Masters Theses

Abstract

"Uncertainty is inevitable when creating any kind of model. A model can be used in the most accurate way possible, if the uncertainties are understood. This study determines the level of uncertainty in the Bank Stability and Toe Erosion Model (BSTEM) of the Osage River downstream of Bagnell Dam between Lake Ozark, MO and Jefferson City, MO. The statistical analysis of the BSTEM model was performed using the aid of SAS statistical computer modeling software. There were 4 different analysis values used to determine the best fit model for all dependent variables. These values include the F-test, the coefficient of determination, mean squared error, and Mallow's CP. The F-test is used to determine that there is indeed a relationship between the independent variables and the dependent variables, whereas the other 3 values help narrow down the simplified statistical models to determine the best fit model for each dependent variable. There were 4 different BSTEM outputs that were used in the uncertainty analysis. These 4 dependent variables are average applied boundary shear stress, factor of safety, maximum lateral retreat and eroded area - total. The statistical analysis determined how many best fit statistical models each variable appeared in and this information helped to determine the variables affecting the BSTEM model. The variables that appeared in all the best fit statistical models had a large impact on the BSTEM model, whereas the ones that did not show up in a best fit statistical model had a small effect on the BSTEM model. The factor of safety analysis yielded results that were inconclusive, while the other three variables had a confidence level ranging from 76.7% up to 90.6%, with an average confidence of over 80% for the entire BSTEM model"--Abstract, page iii.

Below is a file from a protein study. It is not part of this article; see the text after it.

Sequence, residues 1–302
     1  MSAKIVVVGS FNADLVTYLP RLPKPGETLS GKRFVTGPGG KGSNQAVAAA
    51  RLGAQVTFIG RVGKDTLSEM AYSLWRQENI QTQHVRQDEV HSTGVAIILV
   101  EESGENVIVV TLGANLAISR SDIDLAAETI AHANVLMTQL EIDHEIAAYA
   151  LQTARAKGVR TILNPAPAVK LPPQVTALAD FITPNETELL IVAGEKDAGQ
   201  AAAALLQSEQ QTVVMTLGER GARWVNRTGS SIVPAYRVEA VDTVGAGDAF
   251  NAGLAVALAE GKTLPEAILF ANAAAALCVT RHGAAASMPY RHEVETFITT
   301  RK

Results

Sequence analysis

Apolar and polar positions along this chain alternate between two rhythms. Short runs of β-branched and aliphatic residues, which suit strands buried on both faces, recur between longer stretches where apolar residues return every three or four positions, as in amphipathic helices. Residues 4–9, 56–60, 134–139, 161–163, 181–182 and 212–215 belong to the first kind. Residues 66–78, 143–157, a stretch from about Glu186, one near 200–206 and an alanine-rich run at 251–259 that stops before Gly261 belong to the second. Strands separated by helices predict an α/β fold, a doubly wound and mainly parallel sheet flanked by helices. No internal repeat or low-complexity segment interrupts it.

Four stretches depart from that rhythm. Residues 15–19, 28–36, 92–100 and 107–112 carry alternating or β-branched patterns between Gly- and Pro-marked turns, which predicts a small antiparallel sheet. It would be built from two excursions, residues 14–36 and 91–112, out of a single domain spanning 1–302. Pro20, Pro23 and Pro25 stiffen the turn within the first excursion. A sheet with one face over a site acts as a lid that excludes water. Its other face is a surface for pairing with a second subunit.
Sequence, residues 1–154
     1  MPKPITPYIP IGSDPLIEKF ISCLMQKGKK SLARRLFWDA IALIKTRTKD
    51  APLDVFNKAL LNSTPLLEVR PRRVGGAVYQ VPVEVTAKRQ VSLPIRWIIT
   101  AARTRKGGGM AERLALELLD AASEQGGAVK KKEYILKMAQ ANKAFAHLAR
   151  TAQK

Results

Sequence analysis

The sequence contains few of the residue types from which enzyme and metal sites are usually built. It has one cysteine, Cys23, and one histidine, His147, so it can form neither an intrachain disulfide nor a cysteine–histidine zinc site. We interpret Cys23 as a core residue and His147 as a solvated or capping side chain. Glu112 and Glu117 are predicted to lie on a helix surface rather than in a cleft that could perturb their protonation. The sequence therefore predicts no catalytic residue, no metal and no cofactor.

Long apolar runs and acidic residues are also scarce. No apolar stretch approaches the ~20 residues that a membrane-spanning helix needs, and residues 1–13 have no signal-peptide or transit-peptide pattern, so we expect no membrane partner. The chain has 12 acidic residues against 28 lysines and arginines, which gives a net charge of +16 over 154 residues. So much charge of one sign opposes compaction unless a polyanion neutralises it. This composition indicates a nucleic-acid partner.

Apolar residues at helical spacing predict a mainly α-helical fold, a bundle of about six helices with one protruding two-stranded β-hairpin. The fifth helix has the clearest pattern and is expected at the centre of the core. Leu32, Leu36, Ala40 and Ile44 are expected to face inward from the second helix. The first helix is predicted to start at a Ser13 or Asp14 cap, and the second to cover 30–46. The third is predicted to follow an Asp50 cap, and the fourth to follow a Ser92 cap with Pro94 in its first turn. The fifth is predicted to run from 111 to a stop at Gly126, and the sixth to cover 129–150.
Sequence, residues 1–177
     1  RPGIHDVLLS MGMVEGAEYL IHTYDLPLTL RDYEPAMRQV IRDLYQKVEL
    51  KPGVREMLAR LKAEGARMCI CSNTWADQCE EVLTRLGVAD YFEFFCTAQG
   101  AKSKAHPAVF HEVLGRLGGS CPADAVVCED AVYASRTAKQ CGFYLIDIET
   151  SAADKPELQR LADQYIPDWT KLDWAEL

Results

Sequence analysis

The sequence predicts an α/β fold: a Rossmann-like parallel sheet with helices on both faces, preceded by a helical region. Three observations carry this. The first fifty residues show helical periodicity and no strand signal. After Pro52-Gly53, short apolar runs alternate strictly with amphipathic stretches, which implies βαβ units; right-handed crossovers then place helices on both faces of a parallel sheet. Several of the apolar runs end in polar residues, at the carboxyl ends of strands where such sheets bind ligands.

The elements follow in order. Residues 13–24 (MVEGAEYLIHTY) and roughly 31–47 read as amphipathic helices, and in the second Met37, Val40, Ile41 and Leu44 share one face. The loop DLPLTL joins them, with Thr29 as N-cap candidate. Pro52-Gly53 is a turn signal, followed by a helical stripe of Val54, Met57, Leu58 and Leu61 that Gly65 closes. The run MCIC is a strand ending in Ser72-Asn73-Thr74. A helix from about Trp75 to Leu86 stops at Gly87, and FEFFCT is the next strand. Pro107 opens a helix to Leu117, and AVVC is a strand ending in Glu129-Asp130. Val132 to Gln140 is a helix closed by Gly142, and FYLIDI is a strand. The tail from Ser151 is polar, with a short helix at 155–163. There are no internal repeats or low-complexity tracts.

Advisor(s)

Mendoza, Cesar

Committee Member(s)

Morris, Charles Darwin
Cawlfield, Jeffrey D.

Department(s)

Civil, Architectural and Environmental Engineering

Degree Name

M.S. in Civil Engineering

Publisher

Missouri University of Science and Technology

Publication Date

Spring 2013

Pagination

vii, 60 pages

Note about bibliography

Includes bibliographical references.

Geographic Coverage

Missouri
Osage River (Mo.)

Rights

© 2013 Annabell Leigh Ulary, All rights reserved.

Document Type

Thesis - Open Access

File Type

text

Language

English

Library of Congress Subject Headings

Riparian areas -- Missouri -- Osage River
Hydraulic models -- Case studies
Erosion -- Missouri -- Osage River -- Mathematical models

Thesis Number

T 10306

Electronic OCLC #

853458229

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